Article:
Optics in Medicine Blog

Glaser on medicalphysicsweb.com

In an article on Cerenkov fluorescence published today by medicalphysicsweb.com, Dartmouth PhD candidate Adam Glaser explains how the light imaging technique can be used to measure an imparted dose from an X-ray photon linac beam. The technique developed by Glaser and his Dartmouth colleagues has been verified through a series of experiments using a clinical [...]

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Post on Sexton’s Research

The research of Kristian Sexton, a fourth year PhD student in the Optics in Medicine Laboratory, was featured on the Thayer School of Engineering at Dartmouth’s Machine Shop blog. Kristian’s projects are in the field of biomedical technologies, and his research project is part of a larger Dartmouth initiative titled “Fluorescence guided neurosurgery.”  Sexton’s work [...]

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Fluorescence Imaging at Thayer

A team from Thayer School of Engineering and Dartmouth-Hitchcock Medical Center is among the first to harness fluorescence to prevent tissue damage during brain surgery. Over a decade ago, a group of German doctors discovered that if a patient is given an oral dose of a 5-aminolevulinic acid solution before brain surgery, a chemical reaction [...]

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Thayer Video of Professor Pogue

In a new video published by the Thayer School of Engineering, Dartmouth Professor of Engineering Brian Pogue explains his research on optical imaging, and highlights the contributions of both undergraduate and graduate students in his laboratory. Filmed on location at the Thayer School of Engineering, Dartmouth-Hitchcock Medical Center, and the Norris Cotton Cancer Center, the [...]

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Cancer Imaging in ‘The Dartmouth’

Researchers from Dartmouth-Hitchcock Medical Center and the Thayer School of Engineering have developed a quantitative imaging system to detect low-grade brain cancer cells and make tumor removal more precise, according to Thayer School professor and research group co-leader Keith Paulsen. The technology consists of a drug, taken pre-operatively, which is broken down, processed and moved [...]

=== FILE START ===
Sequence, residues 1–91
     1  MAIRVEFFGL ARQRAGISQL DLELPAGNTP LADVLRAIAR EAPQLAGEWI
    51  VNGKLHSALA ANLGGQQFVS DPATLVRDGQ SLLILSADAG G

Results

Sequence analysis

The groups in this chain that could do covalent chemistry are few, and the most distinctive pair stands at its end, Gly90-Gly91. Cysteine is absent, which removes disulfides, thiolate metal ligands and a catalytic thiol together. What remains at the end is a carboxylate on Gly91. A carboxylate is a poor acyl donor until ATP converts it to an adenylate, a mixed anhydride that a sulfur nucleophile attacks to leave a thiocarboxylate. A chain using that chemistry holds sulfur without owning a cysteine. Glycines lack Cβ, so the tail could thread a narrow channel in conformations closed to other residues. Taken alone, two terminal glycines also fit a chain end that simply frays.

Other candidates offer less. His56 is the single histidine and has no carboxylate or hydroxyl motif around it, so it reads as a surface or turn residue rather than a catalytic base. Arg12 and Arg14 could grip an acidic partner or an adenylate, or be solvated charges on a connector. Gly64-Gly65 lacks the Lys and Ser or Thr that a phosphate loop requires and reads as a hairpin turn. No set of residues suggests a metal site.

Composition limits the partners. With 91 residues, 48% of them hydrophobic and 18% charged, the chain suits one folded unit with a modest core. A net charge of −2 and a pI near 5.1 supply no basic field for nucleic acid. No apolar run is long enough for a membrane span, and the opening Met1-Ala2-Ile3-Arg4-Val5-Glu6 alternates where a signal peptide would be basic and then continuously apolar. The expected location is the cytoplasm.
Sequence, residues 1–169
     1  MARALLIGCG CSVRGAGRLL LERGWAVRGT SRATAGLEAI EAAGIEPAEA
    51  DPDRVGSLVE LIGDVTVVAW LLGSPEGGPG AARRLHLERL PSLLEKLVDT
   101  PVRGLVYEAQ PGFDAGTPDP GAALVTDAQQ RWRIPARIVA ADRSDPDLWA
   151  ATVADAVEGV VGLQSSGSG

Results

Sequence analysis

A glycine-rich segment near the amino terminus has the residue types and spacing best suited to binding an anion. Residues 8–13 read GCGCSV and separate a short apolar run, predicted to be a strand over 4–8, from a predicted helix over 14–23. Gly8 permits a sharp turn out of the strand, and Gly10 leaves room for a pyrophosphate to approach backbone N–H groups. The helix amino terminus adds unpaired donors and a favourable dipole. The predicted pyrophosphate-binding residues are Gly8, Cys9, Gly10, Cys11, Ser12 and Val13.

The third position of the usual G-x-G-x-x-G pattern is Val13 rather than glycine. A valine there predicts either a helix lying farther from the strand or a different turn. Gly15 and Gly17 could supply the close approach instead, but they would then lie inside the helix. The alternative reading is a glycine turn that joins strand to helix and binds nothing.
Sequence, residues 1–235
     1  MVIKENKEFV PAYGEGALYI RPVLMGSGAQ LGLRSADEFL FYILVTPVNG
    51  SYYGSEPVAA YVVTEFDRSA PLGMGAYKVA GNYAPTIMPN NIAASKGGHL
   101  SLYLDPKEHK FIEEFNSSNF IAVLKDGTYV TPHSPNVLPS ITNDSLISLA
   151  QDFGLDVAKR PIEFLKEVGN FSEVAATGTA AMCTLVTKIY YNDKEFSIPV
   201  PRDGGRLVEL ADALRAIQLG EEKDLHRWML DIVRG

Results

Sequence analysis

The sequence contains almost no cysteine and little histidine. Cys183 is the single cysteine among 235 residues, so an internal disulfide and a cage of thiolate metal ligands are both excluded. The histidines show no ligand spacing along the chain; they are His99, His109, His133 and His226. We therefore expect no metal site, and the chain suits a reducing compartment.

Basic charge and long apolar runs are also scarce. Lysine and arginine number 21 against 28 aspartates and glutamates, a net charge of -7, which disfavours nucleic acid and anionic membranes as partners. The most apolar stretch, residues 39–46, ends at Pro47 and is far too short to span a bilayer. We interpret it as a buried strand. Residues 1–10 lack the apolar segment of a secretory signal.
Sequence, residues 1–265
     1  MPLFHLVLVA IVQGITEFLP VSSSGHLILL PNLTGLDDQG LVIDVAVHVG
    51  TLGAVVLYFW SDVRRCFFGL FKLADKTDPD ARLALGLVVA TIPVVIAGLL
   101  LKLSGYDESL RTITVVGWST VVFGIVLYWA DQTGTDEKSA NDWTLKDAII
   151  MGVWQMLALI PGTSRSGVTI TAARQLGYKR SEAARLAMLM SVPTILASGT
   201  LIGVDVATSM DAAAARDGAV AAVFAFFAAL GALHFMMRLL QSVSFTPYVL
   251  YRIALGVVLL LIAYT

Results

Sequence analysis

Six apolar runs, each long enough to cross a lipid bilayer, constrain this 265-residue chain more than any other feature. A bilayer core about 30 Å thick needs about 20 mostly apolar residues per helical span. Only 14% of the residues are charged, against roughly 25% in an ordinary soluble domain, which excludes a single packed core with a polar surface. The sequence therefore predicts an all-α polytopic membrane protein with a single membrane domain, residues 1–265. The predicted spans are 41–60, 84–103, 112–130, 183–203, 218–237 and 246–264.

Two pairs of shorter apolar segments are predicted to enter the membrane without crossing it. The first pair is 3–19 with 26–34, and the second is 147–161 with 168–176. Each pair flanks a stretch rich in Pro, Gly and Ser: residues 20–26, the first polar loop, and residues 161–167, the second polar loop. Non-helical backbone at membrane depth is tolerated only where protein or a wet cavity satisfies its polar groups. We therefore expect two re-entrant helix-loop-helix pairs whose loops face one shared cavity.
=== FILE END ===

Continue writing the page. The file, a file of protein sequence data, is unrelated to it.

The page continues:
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Brain Imaging on WCAX

On December 27, 2012, WCAX–a television station based out of Burlington, VT–aired a news segment on a collaborative research project between the Thayer School of Engineering, the Norris Cotton Cancer Center, and the Dartmouth-Hitchcock Medical Center. The segment explains a new cancer imaging technique developed at Dartmouth that makes small brain tumors easier to see [...]

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BEM-based Meshing

On February 7th, 2013, Professor Brian Pogue, research scientist Scott Davis, and former Optics in Medicine post doc Hamid Dehghani are teaching an introductory workshop on Near-Infrared Fluorescence and Spectral Tomography (Nirfast) at the Society of Photo-Optical Instrumentation Engineers (SPIE) Photonics West conference in San Francisco. Developed by the Optics in Medicine Laboratory, Nirfast is [...]

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Microwave Imaging

Collaborative project of Optics in Medicine Director Keith Paulsen, Dartmouth Engineering Professor Paul Meaney, and researchers at both Dartmouth-Hitchcock Medical Center and the Geisel School of Medicine featured in Focus. Researchers at the Cancer Imaging and Radiobiology Research Program (CIR) at Dartmouth-Hitchcock’s Norris Cotton Cancer Center study and test new ways to get good images using techniques [...]

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DCCNE Deadline on 11/26

On Saturday, December 1st the Dartmouth Center of Cancer Nanotechnology Excellence is hosting Cancer Nanotechnology Conference: Mechanisms in Nanoparticle Hyperthermia at the Thayer School of Engineering at Dartmouth. The conference’s keynote speakers will discuss the applications of nanoparticle delivered hyperthermia mechanisms in both research and treatment regimes. The conference will also feature two panel discussions—one focusing [...]

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NIRFAST 7.2

Written by Hamid Dehghani in 2001, Near-Infrared Fluorescence and Spectral Tomography (NIRFAST) is an open source software package that allows users to model Near-Infrared light transport in tissue. Currently, Michael Jermyn, a graduate student in Dartmouth’s Optics in Medicine Laboratory, is moving the program to an open source platform and developing a number of new user [...]

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